Feature Finding Title
Featured Finding Figure

Cognitive impairments in schizophrenia are associated with lower expression of markers of GABA synthesis in the prefrontal cortex. The effects of GABA are mediated by GABAA receptors that mediate either phasic or tonic inhibition. We assessed the expression of GABAA receptor α4 and δ subunits, which co-assemble to form receptors mediating tonic inhibition in prefrontal cortex from 23 matched pairs of schizophrenia and control subjects. Levels of δ mRNA were significantly lower in schizophrenia subjects regardless of medication use, whereas α4 mRNA levels were lower only in subjects with schizophrenia receiving certain medications at the time of death. To understand the nature of this unexpected dissociation between α4 and δ subunit expression in schizophrenia, we used similar methods to quantify α4 and δ mRNA levels in multiple animal models. During postnatal development of monkey prefrontal cortex, levels of α4 mRNA decreased, whereas δ mRNA levels increased (Figure). In addition, δ mRNA levels, but not α4 mRNA levels, were lower in the medial frontal cortex of mice with a genetic deletion of the GABAA receptor α1 subunit, and neither δ nor α4 mRNA levels were altered in rodent models of altered excitatory neurotransmission. Since GABAA receptor α1 subunits also have lower mRNA levels in schizophrenia, show increased expression with age in monkey prefrontal cortex, and can co-assemble with δ subunits to form functional GABAA receptors, lower δ mRNA levels in schizophrenia might reflect a reduced number of α1βxδ GABAA receptors that could contribute to deficient tonic inhibition and prefrontal cortical dysfunction in schizophrenia.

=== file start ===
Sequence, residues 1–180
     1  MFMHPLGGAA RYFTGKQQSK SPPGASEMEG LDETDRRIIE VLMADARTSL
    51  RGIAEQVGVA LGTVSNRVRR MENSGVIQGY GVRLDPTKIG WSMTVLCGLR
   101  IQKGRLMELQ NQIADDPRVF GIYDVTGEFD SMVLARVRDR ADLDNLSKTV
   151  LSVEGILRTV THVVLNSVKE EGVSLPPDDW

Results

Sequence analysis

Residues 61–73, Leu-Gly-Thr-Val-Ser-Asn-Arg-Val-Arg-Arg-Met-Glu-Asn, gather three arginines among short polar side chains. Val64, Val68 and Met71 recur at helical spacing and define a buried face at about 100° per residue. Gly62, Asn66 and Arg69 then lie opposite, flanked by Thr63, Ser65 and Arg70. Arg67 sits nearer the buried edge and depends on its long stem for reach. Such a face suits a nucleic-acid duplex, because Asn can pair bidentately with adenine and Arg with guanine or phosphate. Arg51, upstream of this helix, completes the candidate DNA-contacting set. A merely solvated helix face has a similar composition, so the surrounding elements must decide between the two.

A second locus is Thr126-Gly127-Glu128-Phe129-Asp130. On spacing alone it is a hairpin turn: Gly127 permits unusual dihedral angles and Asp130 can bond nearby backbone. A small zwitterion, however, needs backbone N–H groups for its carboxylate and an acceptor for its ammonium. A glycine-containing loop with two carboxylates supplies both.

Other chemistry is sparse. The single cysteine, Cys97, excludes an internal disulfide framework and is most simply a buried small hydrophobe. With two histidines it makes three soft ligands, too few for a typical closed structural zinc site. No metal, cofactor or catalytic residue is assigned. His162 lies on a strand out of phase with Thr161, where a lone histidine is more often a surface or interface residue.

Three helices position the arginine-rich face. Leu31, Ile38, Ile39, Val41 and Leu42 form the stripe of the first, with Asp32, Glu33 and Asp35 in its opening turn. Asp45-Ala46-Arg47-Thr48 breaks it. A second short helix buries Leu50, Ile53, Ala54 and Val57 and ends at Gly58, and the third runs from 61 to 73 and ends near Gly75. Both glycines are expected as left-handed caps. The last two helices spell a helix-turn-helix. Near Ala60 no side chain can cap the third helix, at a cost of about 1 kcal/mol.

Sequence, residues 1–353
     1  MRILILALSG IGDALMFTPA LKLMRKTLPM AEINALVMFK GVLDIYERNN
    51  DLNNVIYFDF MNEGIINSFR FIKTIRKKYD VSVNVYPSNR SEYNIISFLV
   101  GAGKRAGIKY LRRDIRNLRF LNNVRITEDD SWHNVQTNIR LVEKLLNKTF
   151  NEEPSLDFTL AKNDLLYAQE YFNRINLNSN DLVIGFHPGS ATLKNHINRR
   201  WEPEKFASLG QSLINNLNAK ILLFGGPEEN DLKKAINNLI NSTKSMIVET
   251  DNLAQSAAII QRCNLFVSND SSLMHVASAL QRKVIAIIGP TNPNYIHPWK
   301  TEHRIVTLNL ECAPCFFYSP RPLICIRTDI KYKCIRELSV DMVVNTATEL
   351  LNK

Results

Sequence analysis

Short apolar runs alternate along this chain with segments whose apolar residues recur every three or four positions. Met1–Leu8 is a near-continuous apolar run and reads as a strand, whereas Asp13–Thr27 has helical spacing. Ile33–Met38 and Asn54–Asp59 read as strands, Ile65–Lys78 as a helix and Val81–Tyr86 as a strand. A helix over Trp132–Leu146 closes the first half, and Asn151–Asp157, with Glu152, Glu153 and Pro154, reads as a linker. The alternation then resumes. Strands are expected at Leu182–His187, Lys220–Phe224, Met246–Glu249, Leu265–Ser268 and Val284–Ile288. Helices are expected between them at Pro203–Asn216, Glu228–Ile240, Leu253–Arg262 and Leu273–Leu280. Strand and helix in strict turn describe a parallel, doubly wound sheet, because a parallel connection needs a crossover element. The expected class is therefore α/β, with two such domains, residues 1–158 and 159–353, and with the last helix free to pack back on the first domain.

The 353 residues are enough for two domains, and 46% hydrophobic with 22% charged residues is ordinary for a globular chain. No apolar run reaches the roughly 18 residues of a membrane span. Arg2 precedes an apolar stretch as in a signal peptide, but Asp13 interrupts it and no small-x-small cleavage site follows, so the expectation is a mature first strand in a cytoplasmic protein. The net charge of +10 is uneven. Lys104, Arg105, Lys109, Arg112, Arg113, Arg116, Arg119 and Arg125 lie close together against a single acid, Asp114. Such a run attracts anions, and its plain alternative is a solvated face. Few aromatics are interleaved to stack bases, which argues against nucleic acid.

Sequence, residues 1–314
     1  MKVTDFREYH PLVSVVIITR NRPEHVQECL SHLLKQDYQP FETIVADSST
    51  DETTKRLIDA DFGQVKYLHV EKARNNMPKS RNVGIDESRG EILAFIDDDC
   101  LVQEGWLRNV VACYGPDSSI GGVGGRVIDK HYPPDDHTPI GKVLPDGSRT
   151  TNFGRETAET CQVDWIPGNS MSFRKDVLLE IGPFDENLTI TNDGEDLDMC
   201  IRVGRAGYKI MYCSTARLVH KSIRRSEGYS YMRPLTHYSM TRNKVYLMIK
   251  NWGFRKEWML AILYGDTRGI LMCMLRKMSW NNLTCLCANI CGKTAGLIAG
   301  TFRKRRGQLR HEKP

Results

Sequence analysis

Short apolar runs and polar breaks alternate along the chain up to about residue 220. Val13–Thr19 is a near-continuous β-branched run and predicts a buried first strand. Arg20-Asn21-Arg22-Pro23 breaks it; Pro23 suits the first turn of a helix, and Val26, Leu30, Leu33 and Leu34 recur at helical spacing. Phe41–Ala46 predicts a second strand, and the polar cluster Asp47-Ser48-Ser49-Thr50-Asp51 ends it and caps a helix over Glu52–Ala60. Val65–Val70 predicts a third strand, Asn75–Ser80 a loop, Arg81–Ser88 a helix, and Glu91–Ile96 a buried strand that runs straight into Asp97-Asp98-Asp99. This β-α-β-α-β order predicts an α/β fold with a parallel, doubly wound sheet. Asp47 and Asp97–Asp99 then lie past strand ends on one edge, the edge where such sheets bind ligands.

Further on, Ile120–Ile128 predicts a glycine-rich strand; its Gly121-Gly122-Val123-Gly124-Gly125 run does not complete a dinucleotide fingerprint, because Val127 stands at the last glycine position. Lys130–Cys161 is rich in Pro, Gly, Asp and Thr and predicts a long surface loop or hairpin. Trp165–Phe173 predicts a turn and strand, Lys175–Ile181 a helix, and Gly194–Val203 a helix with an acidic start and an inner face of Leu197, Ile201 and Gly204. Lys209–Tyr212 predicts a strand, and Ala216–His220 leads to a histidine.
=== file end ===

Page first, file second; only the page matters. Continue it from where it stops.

Jaime G. Maldonado-Avilés, Allison A. Curley, Takanori Hashimoto, A. Leslie Morrow, Amy J. Ramsey, Patricio O’Donnell, David W. Volk and David A. Lewis, Altered Markers of Tonic Inhibition in the Dorsolateral Prefrontal Cortex of Subjects with Schizophrenia, Am J Psychiatry 166: 450-459, 2009.

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David A. Lewis, M.D. | Department of Psychiatry | University of Pittsburgh
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